Written by: Jon Lucas & Scott Moore
Directed by: Todd Phillips
Starring: Bradley Cooper, Ed Helms, Zach Galifianakis, Justin Bartha, Heather Graham
My Advice: Matinee.
Doug’s (Bartha) getting married. So there’s only one thing to do: borrow the bride-to-be’s (Sasha Barrese) father’s (Jeffrey Tambor) car (itself) and grab two friends (Cooper and Helms), the future brother-in-law (Galifianakis) and head to Vegas for a night of insane partying. The running gag is that what happens in Vegas stays in Vegas…and the quartet appear to have taken that to the extreme. Because the next morning Vegas appears to have taken not only their memories of the night previous but also Doug himself. He’s nowhere to be found, and the three “survivors” have to piece together whatever clues they have to figure out just what the hell happened and where they lost Doug.
[fusion_builder_container hundred_percent=”yes” overflow=”visible”][fusion_builder_row][fusion_builder_column type=”1_1″ background_position=”left top” background_color=”” border_size=”” border_color=”” border_style=”solid” spacing=”yes” background_image=”” background_repeat=”no-repeat” padding=”” margin_top=”0px” margin_bottom=”0px” class=”” id=”” animation_type=”” animation_speed=”0.3″ animation_direction=”left” hide_on_mobile=”no” center_content=”no” min_height=”none”][ad#longpost]Yes, that’s right: it’s like Memento as conceived by Trey Parker and Matt Stone. I was originally going to say The Brothers Farrelly, but there’s no way in hell they would have been able to pull this off. I’m one of three people on the planet who thought There’s Something About Mary was more disgusting than funny–and because I don’t think disgusting is inherently funny I didn’t dig it. But the main thing about this film is that it’s disgusting and funny. What a concept. It’s more wrong than it is out and out blatant gross out. Oh sure, it has its moments. But the scribes on this are aiming for an audience beyond the frat boy heh-heh mentality. And it’s refreshing.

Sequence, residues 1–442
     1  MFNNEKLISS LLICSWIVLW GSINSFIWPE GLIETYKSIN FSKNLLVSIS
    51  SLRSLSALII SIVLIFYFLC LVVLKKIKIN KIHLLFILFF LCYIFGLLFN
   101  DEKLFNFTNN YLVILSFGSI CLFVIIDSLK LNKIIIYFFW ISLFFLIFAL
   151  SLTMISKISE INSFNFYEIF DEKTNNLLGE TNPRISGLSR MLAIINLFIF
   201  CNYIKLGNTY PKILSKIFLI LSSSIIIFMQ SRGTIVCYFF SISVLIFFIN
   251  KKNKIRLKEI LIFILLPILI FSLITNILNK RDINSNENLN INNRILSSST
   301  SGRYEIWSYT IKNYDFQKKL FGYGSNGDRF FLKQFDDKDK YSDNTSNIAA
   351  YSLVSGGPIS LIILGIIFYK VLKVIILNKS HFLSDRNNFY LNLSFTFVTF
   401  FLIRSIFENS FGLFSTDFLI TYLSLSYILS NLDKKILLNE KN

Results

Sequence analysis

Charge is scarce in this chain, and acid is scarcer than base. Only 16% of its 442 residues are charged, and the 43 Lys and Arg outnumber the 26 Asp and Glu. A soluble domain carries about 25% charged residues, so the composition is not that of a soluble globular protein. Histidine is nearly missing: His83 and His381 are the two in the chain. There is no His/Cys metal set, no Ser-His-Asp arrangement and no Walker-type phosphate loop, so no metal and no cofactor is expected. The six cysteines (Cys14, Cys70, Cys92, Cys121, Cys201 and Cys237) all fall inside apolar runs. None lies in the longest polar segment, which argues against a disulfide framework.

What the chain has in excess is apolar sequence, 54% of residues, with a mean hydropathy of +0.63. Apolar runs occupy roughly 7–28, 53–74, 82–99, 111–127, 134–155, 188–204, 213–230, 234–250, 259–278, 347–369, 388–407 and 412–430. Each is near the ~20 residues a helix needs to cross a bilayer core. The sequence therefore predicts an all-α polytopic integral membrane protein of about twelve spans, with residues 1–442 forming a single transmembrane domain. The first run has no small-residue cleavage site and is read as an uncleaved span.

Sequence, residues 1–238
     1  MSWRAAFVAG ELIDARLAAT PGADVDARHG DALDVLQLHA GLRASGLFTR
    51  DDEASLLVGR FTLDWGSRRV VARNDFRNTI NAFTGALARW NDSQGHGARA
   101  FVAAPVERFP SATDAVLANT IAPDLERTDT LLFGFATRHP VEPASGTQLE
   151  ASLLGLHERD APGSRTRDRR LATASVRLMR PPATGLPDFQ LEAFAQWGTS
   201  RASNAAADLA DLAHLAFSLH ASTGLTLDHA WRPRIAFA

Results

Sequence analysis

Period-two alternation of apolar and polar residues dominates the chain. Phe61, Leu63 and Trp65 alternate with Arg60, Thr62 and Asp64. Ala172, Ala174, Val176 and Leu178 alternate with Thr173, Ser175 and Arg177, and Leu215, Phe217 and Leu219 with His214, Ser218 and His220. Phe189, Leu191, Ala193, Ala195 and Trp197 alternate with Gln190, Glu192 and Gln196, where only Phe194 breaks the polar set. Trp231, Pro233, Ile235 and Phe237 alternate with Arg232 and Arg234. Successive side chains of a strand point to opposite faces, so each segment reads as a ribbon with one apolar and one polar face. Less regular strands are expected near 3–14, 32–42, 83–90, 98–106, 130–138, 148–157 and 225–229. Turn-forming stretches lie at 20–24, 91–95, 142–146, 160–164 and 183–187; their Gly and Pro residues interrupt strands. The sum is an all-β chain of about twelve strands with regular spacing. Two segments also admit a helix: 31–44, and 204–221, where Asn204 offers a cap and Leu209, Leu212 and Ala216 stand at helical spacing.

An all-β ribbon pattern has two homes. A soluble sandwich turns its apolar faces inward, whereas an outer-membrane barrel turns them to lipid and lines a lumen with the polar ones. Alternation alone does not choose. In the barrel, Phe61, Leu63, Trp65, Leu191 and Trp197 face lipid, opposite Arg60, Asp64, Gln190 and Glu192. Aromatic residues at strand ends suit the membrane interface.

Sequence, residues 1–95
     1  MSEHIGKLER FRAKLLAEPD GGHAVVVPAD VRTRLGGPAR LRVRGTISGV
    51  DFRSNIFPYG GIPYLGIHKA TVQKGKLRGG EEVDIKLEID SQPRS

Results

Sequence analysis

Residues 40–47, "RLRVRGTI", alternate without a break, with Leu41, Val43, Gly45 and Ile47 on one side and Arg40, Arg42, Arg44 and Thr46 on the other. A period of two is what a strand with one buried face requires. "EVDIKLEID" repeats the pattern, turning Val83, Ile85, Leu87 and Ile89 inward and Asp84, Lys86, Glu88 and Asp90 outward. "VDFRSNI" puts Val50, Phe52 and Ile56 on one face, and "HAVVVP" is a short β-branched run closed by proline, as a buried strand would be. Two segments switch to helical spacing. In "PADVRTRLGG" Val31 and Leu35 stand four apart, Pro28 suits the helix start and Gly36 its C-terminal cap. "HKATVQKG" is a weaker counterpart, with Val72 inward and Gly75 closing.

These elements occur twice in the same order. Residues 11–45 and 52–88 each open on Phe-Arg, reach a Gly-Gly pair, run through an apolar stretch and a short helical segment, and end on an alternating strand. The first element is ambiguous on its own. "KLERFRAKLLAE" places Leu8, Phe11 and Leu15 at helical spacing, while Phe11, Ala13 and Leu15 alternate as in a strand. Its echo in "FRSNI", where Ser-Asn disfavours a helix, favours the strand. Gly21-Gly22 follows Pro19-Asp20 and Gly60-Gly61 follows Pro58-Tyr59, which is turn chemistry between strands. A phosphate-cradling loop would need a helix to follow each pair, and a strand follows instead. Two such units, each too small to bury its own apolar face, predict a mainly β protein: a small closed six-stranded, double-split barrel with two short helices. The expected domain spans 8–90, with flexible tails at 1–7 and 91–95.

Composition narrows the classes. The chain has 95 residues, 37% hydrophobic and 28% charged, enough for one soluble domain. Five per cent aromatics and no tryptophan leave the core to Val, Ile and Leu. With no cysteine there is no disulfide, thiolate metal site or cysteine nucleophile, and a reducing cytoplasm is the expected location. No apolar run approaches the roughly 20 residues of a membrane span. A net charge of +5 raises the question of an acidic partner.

But it is wrong. And the film lucked out with a great marketing campaign, because its trailer is indicative of what the film was up against. I’m sure the reaction many had was the same as mine: eh, looks like the best bits might be in the trailer. Indeed, it was only after continued buzz built up that I thought, okay, fine, I need to go see this on the big screen now. The payoff of a lot of very funny bits was the result. Would it have suffered on the small screen? Not at all, but sometimes you really do need to go share the experience of laughing in a crowded cinema–and this will do the trick.
The cast, especially the core trio of “survivors,” is excellent. Cooper does extremely well considering he’s up against the character arc of Helms and the…well, the twisted brilliance of Galifianakis. He manages to hold his own, essentially playing straight/sane man against the other two. Helms plays the high strung “doctor” to a tee and Galifianakis is a revelation of wrong. I’m not quite sure how else to describe him, frankly. I just spent two minutes staring at the last sentence. Once you see the film, you will know.
The plot is also engaging enough to where you start to wonder just what the hell happened as well, which helps carry you through any bits where you might be at the limits of what raunch you can take. But it’s not like it’s pushing or even setting fire to the envelope–apart from the baby gag in the trailer–a bit I never thought I’d see–so don’t think you’re going to be offended to your very core or anything. On the other hand, your mom might not dig it. I’m just saying.
If you’re watching your wallet, sure, wait for the DVD. But do see it. Its box office performance is indicative of the fact that people can enjoy smart dumb comedies as well.[/fusion_builder_column][/fusion_builder_row][/fusion_builder_container]